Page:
Thursday, 29 October 2009

Brown backs Blair for EU top Job.

He may have done it through teeth so tightly gritted they showered the front row with splinters but Gordon Brown has finally made his support for Tony Blair’s candidacy, should the Lisbon Treaty go through and the job come into existence, to be the first President on the European Union.

Speaking at a press conference in Brussels ahead of a summit meeting of EU leaders he said his predecessor would make an ‘excellent president’ and that concerns amongst European leaders about his involvement in the Iraq war belonged to the past.

The peoples of Europe, he said, ‘want to look forward’ to being in a position where they can ‘shape their own policies.’ As the man who sold capitalism to the Labour Party and a war for oil to the British electorate super salesman Blair is, it would seem, just the man to lead them to that point.

The question hanging in the air, whether or not the Czechs do the decent thing, from the standpoint of Brussels, and sign the Lisbon Treaty is does Europe really want or need a president? Everything about the office seems suggestive of all that is expensive, pompous and remote about the European Union.

From a British perspective another question begs to be answered, do we want to be part of Europe at all? There is a good case to be made for our continued membership and a long list of reasonable doubts regarding its value in a world that has changed immeasurably since the EU was founded, the only thing missing is a rational debate.

The problem is no government since that of Harold Wilson in the mid seventies has had the nerve to ask, David Cameron has made encouraging noises about holding a referendum, but he has to date, been rather vague as to when. The twelfth of never sounds like a likely date.


The strange case of the bureaucrats who listened.

It’s almost like something out of a Bateman cartoon, maybe one showing a throng of people belonging to the chattering classes gawping in horror at, as the caption below tells us ‘The bureaucrat who changed his mind.’

I mean of course the decision by Secretary for Education, Schools and Families Ed Balls, not always a sensitive or particularly sensible man, to review plans to make parents taking part in voluntary activities with children not their own to sign a special register.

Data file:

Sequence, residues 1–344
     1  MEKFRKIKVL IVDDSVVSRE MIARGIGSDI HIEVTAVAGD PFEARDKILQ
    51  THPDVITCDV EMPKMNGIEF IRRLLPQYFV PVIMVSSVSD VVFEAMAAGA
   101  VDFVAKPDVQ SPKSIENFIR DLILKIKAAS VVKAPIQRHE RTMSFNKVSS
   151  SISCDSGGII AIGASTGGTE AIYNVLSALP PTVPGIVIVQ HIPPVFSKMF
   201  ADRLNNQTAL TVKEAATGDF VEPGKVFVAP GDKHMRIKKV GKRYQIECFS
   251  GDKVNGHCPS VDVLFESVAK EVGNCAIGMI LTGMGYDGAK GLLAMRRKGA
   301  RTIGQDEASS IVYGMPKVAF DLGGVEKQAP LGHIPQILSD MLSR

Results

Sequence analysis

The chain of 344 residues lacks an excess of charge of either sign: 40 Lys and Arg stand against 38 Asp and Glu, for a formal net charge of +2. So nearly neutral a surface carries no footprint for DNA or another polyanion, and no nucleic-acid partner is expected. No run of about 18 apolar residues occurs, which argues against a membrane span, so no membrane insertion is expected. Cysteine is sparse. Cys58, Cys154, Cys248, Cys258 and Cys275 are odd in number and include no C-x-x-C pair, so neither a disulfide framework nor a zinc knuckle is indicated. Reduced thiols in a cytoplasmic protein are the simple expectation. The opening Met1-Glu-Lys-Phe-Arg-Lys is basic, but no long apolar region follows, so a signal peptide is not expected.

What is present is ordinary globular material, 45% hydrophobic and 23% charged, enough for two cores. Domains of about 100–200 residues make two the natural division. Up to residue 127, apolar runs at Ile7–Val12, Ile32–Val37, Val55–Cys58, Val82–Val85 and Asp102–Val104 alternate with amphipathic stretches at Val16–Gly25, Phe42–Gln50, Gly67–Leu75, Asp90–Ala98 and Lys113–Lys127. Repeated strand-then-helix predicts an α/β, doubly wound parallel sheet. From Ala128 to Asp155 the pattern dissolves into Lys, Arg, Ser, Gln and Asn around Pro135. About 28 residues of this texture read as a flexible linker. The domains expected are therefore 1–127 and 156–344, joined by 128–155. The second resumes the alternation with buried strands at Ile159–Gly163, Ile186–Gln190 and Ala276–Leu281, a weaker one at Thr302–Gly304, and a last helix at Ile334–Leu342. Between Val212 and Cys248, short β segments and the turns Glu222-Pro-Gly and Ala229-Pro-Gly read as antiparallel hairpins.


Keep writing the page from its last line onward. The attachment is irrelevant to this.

The move hasn’t been popular, Sir Roger Singleton, Chair of the Independent Safeguarding Authority told the Guardian ‘I hear phrases like common sense and proportion,’ in relation to the public backlash against the plan, he continues to say ‘I don’t know how you can make sure a person considered is who they say they are’ without some king of screening process.

Quite so Sir Roger, but the process itself is doomed to fail if it is devoid of the common sense and proportion about which you spoke so scathingly. Yes people who have regular contact with children need to the checked but paranoia never protected anybody.

He may be a charmless and overambitious oaf in many respects but by calling for this silly and panic driven plan to be re-examined and hopefully replaced with something more workable Ed Balls is very much on the side of the angels.


Bong! ITN to axe Big Ben.

ITN is to remove Big Ben from the titles of its flagship News at Ten bulletin in an attempt to make the news less London centric. The legendary bongs will be incorporated into a new soundtrack.

Don’t worry though as part of the re-branding process and to ‘retain the heritage that people recognise,’ a spokesman for ITN said, a clock face will be incorporated into the new studio design. Well that’s ok then isn’t it?

Re-branding, if there’s a worse word in the English language I don’t know of it. It’s always used by media types as a short hand for treating the audience like idiots whilst spending shed loads of money.

Here’s a late news item, viewers don’t like familiar formats being messed with and they positively detest being treated like idiots. That’ll be why most of ITV’s bonged off to the BBC years ago.


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